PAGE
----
Climate

Top of page
ClimateStatusDescriptionRemark
A - Tropical/Megathermal climate Preferred Average temp. of coolest month > 18°C, > 1500mm precipitation annually
Af - Tropical rainforest climate Preferred > 60mm precipitation per month
BW - Desert climate Preferred < 430mm annual precipitation

Latitude/Altitude Ranges

Top of page
Latitude North (°N)Latitude South (°S)Altitude Lower (m)Altitude Upper (m)
23 35

Notes on Natural Enemies

Top of page

Zimmerman (1948), quoting Muir (1917), noted that Nesosydne ipomoeicola [Ilburnia ipomoeicola] was very commonly found feeding on L. maritimum on the slopes of Mt. Kilauea on the island of Hawaii.

Impact Summary

Top of page
CategoryImpact
Environment (generally) Negative

Environmental Impact

Top of page

L. maritimum has been reported in numerous habitats in the Hawaiian Islands, including national parks, where it is displacing native vegetation. In a survey in 1987 it was found in Hakalau Forest National Wildlife Refuge on Hawaii (Stone et al., 1991). It is also known from Volcanoes National Park on Hawaii and Haleakala National Park on Maui (Johnson, 1999).

Of particular concern are the effects of invasion by L. maritimum and other exotic plant species on cliff habitats, and the consequent displacement of very specialized endemic plant taxa. For example, on the dry cliffs of Lanai and Maui the endangered native species Bidens campylotheca subsp. pentamera, Phyllostegia haliakalae and Pleomele fernaldii [Chrysodracon fernaldii] are threatened by the presence of L. maritimum and other understorey and subcanopy species, such as Ageratina adenophora, Hypochoeris radicata, Lapsana communis, Prunella vulgaris and Rubus spp. Non-native grasses that also threaten this ecosystem include Andropogon virginicus, Anthoxanthum odoratum, Dactylis glomerata and Holcus lanatus. These non-native plant species pose serious and ongoing threats to all three of these native species that depend on this ecosystem (US Fish and Wildlife Service, 2012).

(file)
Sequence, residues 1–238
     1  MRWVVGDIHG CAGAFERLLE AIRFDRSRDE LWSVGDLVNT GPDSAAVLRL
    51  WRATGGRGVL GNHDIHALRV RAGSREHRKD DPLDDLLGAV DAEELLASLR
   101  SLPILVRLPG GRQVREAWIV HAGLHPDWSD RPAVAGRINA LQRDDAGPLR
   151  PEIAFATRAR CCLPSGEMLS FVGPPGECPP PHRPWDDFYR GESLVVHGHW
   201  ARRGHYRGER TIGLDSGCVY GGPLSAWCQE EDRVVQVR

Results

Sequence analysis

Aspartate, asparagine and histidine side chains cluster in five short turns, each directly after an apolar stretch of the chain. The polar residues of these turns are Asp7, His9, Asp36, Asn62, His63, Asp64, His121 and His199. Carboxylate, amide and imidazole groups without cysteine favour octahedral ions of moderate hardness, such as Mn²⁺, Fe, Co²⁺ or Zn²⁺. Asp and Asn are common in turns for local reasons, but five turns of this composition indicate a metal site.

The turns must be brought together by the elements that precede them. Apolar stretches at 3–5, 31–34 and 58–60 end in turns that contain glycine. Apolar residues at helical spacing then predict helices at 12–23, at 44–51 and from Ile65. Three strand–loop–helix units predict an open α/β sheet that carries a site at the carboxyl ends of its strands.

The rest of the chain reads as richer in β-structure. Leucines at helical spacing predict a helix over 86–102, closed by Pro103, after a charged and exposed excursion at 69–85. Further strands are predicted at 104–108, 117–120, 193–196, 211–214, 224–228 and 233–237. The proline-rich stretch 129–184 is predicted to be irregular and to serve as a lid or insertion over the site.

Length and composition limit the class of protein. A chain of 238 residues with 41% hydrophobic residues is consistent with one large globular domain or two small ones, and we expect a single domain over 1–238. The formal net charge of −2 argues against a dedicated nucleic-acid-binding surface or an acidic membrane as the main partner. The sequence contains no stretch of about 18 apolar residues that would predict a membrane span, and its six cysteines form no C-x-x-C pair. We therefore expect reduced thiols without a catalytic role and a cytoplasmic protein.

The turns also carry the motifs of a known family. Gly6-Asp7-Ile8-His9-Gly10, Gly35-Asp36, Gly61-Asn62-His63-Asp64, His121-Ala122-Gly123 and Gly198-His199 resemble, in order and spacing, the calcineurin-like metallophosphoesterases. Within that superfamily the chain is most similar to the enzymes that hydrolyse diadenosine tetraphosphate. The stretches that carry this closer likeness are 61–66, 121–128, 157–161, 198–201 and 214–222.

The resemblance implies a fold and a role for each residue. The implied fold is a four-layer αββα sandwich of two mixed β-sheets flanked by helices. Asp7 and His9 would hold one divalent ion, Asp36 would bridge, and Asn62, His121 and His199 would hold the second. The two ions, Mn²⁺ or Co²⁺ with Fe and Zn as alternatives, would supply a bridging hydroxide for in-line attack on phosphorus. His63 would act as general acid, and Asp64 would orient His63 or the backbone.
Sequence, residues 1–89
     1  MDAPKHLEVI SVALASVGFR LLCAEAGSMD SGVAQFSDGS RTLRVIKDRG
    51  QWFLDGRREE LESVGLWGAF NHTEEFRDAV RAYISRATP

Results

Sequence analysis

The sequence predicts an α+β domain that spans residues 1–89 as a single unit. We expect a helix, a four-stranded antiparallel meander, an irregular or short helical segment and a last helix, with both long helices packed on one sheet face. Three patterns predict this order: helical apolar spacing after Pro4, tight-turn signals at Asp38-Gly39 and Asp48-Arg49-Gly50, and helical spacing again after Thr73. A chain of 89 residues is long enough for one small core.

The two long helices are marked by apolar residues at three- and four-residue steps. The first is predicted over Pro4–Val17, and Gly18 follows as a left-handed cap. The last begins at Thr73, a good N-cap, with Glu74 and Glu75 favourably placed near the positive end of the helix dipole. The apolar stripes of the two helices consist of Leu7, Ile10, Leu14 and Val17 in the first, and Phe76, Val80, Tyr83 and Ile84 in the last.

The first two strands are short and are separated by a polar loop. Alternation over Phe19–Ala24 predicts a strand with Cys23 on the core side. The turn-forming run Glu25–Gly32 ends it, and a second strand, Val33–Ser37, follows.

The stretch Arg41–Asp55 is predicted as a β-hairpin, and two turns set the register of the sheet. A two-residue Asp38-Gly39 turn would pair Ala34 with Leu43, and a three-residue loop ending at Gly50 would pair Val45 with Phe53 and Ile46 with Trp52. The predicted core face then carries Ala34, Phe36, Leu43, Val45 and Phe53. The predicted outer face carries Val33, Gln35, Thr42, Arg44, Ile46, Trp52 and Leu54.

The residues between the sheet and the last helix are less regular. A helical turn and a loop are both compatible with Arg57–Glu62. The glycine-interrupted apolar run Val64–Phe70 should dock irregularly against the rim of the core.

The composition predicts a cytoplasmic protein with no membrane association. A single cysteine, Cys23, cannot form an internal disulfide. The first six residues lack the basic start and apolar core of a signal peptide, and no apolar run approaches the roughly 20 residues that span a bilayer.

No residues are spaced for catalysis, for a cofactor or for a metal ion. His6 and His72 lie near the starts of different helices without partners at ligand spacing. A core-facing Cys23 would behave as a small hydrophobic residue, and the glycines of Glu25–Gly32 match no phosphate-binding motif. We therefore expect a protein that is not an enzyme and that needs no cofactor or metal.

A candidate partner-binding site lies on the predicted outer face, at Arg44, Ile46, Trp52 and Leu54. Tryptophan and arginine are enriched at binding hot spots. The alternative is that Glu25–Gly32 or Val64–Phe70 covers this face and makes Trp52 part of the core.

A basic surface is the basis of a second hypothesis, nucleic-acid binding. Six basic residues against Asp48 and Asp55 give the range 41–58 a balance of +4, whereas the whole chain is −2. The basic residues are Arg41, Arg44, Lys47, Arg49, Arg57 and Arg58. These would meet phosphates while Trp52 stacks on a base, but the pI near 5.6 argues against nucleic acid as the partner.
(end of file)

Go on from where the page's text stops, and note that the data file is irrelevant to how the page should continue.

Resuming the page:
Similarly, one of the major threats to the Hawaiian endemic Dubautia plantaginea subsp. humilis, a short-lived perennial shrub found on wet, barren, wind-blown cliffs between 350 and 400 m altitude in the Iao Valley on western Maui, is displacement by introduced invasive plant species, including L. maritimum (US Fish and Wildlife Service, 2012).

Threatened Species

Top of page
Threatened SpeciesConservation StatusWhere ThreatenedMechanismReferencesNotes
Bidens campylotheca subsp. pentamera (ko`oko`olau)CR (IUCN red list: Critically endangered) CR (IUCN red list: Critically endangered); USA ESA listing as threatened species USA ESA listing as threatened speciesHawaiiCompetition - monopolizing resourcesUS Fish and Wildlife Service, 2012a
Chrysodracon fernaldii (hala pepe)EN (IUCN red list: Endangered) EN (IUCN red list: Endangered); USA ESA listing as endangered species USA ESA listing as endangered speciesHawaiiCompetition - monopolizing resourcesUS Fish and Wildlife Service, 2012a
Clermontia pyrulariaCR (IUCN red list: Critically endangered) CR (IUCN red list: Critically endangered)HawaiiCompetition - monopolizing resourcesCenter for Plant Conservation, 2015; State and of Hawaii, Division of Forestry and Wildlife, 2015
Dubautia plantaginea subsp. humilisNational list(s) National list(s)HawaiiCompetition - monopolizing resourcesUS Fish and Wildlife Service, 2012a
Peristylus holochila (Hawai'i bog orchid)CR (IUCN red list: Critically endangered) CR (IUCN red list: Critically endangered); USA ESA listing as endangered species USA ESA listing as endangered speciesHawaiiCompetition - monopolizing resourcesUS Fish and Wildlife Service, 2000
Phyllostegia haliakalae (Lanai phyllostegia)CR (IUCN red list: Critically endangered) CR (IUCN red list: Critically endangered); USA ESA listing as endangered species USA ESA listing as endangered speciesHawaiiCompetition - monopolizing resourcesUS Fish and Wildlife Service, 2012a

Risk and Impact Factors